This section is from "The Horticulturist, And Journal Of Rural Art And Rural Taste", by P. Barry, A. J. Downing, J. Jay Smith, Peter B. Mead, F. W. Woodward, Henry T. Williams. Also available from Amazon: Horticulturist and Journal of Rural Art and Rural Taste.
This is a subject respecting which we have much to learn in this country; and considering the vast amount of capital invested in fruit culture, and the prospective importance of the business in a commercial point of view, it becomes worthy of serious and immediate attention. How many of those who are in the possession of orchards and fruit-gardens know exactly when even to gather fruits in order to secure their greatest possible amount of excellence ? May we not safely say that three-fourths of nearly all our summer fruits are consumed in an immature state ? The keeping of fruits in winter, and the packing for distant markets, are questions that concern deeply the extensive orchardists of this country. We have translated from the Revue Horticole the following observations on this subject by Prof. Dobriel, formerly of Rouen and now of Paris. They contain many valuable hints and suggestions worthy of attentive perusal:
" The preservation of fruits is a question intimately connected with the fruit-garden. This should furnish during the entire year the same quantity of the best possible fruits. In order to do this it is true we must plant an equal number of varieties ripening their fruits during each month of the year. But this will be insufficient unless we adopt a mode of preservation which will retard the ripening of fruits to mid-winter, spring, or even the following summer. The fruit-garden can not give the results expected from it, if we are deprived of its products from February till June, when the earliest fruits begin to ripen. This question, then, has a certain importance, not only for those who gather and consume the fruit, but for those who deal in fruits and who without proper modes of keeping are exposed to great losses. As the mode of gathering has a certain influence on the preservation of fruits, we will first treat of that operation.
Fruits should be gathered when they present a sufficient degree of maturity; and in this respect the different species of fruits require different treatment.
" All the Stone Fruits, the cherries excepted, should be taken from the tree three or four days before their absolute maturity.
"The Kernel Fruits of Summer and Autumn are gathered eight to twelve days before maturity.
" These fruits possess, then, the necessary elements to accomplish their maturition, which is nothing more than a chemical re-action independent in some measure of vital action. In thus separating them from the tree they are deprived of the sap from the roots, they elaborate more completely that which is contained in their tissue, the sugary principle is then less affected by water, and a higher flavor is therefore acquired. The time suitable for gathering is when the side next the sun commences to change from green to yellow.
"The Kernel Fruits which ripen only in Winter are gathered when they have accomplished their full development and before vegetation has completely ceased - that is to say, from the end of September to the end of October, according to the variety, the earliness of the season, and climate. Experience has demonstrated that fruits left on the trees after their growth do not keep so well; they lose their sugar and perfume, because at this time the temperature is ordinarily too low for the new fluids which arrive in their tissue to be sufficiently elaborated. It, on the contrary, this epoch be anticipated, the fruits wither and do not attain maturity. It is equally necessary to gather the fruits from the same tree at different times - first, those placed on the lower parts of the tree; then, eight or ten days after, those on the upper part, of which the growth is prolonged by the influence of the sap, which remains longer in this part of the tree. For the same reason the fruits of standard trees in the open ground are gathered later than those of espalier, and those of aged or languishing trees before those of young and vigorous ones.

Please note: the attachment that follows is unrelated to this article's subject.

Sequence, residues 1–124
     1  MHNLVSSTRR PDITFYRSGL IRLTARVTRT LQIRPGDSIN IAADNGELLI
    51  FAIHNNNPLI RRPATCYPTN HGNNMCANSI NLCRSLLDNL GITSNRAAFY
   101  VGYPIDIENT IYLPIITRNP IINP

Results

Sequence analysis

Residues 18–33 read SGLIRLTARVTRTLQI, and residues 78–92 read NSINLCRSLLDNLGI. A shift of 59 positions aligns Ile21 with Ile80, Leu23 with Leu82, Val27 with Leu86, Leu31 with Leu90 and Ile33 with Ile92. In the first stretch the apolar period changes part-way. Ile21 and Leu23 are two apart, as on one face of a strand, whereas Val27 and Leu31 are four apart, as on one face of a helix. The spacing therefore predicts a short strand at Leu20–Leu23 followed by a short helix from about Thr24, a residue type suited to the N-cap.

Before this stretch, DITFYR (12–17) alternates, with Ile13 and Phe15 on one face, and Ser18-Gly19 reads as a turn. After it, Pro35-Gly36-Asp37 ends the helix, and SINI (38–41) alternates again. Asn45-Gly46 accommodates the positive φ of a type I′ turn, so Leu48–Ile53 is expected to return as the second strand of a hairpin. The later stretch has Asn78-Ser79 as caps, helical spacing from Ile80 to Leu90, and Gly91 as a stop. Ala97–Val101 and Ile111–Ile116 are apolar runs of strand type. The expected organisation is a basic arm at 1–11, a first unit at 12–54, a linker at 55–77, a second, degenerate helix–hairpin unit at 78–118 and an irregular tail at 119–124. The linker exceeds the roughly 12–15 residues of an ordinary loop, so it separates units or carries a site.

The precise moment for the gathering of each fruit is indicated by the facility with which it is detached from the tree when slightly lifted upwards.
"Various instruments under the name of 'Fruit Gatherers' have been invented to detach the fruits at the tops of the trees without the aid of ladders; but their employment is too slow, and the fruits are more or less bruised and do not keep. When the fruits are gathered they are deposited in a basket similar to that used by the cultivators of Montreuil, fig. 1. It is about two feet long, eighteen inches wide, and a foot deep, with a carpet on the bottom. The fruits are laid in one by one, and only in three rows or tiers; when too many are laid on the top of each other, the bottom ones are bruised. Each tier is separated by a quantity of leaves. If they are peaches, each one is enveloped in a leaf of the vine. The basket, being sufficiently full, is carried on the head into a spacious and airy place, where the fruits are deposited on leaves or dry moss; the table of the fruit-room can serve this purpose. There the summer and autumn fruits achieve their maturity, and are taken thence to be consumed.
The peaches should be cleaned of the down which covers them, and which is disagreeable to the mouth.
"Grapes, for immediate consumption or to be preserved fresh, are gathered only at perfect maturity; the longer they are left on the vine, the more the sugary principle will be developed. Grapes from contre-espaliers are to be preferred for keeping to those from espaliers, as experience has demonstrated to the cultivators of Thomery that they keep better.
"The Dry Fruits, such, as filberts, chestnuts, etc., are gathered at the moment when they detach themselves from the trees.